NI facing possibility of year-round crisis conditions in NHS: Bengoa

Chronic diseases could leave the health system in Northern Ireland facing the equivalent of a winter flu crisis year-round, an expert who recommended an overhaul will warn today.

By The Newsroom
Tuesday, 12th June 2018, 7:00 am
Updated Tuesday, 19th June 2018, 4:39 pm
Professor Rafael Bengoa is in Belfast to give a lecture at Queen's University
Professor Rafael Bengoa is in Belfast to give a lecture at Queen's University

Professor Rafael Bengoa led a review in 2016 and urged transformation of the NHS into a modern and sustainable system.

The collapse of power-sharing at Stormont has affected decision-making across the public service, although a series of measures have been announced involving extra health spending.

Professor Bengoa is in Belfast today to deliver a lecture at Queen’s University and will say: “If we don’t transform, every month will eventually start to look like January and February.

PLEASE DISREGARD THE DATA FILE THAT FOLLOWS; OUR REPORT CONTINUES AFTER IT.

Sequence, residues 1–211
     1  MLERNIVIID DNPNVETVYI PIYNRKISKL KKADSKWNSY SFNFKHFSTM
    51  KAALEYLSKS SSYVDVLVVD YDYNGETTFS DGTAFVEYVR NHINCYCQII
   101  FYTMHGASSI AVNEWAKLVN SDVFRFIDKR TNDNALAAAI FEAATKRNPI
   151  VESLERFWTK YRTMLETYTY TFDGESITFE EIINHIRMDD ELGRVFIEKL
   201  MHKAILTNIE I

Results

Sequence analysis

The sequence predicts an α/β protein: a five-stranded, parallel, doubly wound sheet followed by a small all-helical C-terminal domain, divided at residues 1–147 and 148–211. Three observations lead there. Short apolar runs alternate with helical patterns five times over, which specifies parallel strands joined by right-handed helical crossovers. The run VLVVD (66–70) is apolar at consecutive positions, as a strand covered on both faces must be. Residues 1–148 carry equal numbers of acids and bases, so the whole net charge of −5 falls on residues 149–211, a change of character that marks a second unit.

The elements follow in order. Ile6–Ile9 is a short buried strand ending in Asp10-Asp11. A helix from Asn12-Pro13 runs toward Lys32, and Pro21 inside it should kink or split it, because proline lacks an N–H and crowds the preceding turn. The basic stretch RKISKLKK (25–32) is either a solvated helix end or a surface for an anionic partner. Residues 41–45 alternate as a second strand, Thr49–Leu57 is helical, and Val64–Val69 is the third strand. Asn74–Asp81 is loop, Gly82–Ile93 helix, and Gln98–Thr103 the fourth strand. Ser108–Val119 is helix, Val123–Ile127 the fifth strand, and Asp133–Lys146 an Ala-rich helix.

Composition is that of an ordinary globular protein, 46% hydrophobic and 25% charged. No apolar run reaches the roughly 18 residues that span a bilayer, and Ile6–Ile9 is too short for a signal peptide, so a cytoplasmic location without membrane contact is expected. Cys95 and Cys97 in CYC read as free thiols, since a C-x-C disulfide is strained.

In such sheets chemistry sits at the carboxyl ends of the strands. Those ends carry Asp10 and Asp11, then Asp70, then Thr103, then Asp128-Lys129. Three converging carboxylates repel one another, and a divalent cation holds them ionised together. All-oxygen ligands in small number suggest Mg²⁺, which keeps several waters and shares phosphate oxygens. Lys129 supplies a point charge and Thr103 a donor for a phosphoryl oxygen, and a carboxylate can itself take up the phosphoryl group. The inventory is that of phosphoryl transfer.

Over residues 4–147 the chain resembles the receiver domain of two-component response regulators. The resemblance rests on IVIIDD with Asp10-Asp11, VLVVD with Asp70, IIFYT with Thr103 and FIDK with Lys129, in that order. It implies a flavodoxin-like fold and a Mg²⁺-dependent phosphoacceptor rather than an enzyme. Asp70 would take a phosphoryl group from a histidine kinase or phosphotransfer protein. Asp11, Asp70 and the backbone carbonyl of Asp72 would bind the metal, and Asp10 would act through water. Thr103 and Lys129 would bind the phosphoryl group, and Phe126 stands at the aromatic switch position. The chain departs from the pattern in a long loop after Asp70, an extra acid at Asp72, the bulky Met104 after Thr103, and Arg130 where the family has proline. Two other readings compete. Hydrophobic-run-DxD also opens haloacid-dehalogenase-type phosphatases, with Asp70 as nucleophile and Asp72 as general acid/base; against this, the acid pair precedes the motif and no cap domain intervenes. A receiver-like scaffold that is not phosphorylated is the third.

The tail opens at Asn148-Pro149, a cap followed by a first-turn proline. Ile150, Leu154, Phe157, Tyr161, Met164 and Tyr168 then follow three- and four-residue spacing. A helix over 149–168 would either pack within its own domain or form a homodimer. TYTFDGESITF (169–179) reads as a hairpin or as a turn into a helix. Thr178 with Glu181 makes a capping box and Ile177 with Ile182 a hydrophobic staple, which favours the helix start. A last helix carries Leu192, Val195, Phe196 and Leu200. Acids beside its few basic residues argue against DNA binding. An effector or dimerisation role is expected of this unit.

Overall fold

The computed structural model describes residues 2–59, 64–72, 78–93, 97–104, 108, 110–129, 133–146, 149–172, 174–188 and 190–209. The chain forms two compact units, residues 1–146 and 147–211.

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“That will not be because of the flu, but because of chronic diseases that affect older people all year round.

“Within a relatively short time, the health system will enter into crisis due to this natural demand.”

In an October 2016 report – widely known as the Bengoa Report – Professor Bengoa set out a radical blueprint for transformation.

The former Basque health minister said the system could not keep relying on hard-pressed staff to keep shoring provision up.

“They need to see that there is a willingness and determination to change, that there is hope for the future.”

In 2016, based on Professor Bengoa’s recommendations, former health minister Michelle O’Neill outlined a 10-year plan for improvement.

It included tackling waiting lists and boosting GP practices.

Millions of pounds have since been allocated for addressing waiting lists.

Professor Bengoa added: “Inevitably, demand will continue to increase sharply as people live longer lives.

“At present, too many services are based around buildings rather than being centred on what people and communities need.

“Much more care needs to be delivered in primary care settings, close to or in people’s homes. That’s the essence of transformation.”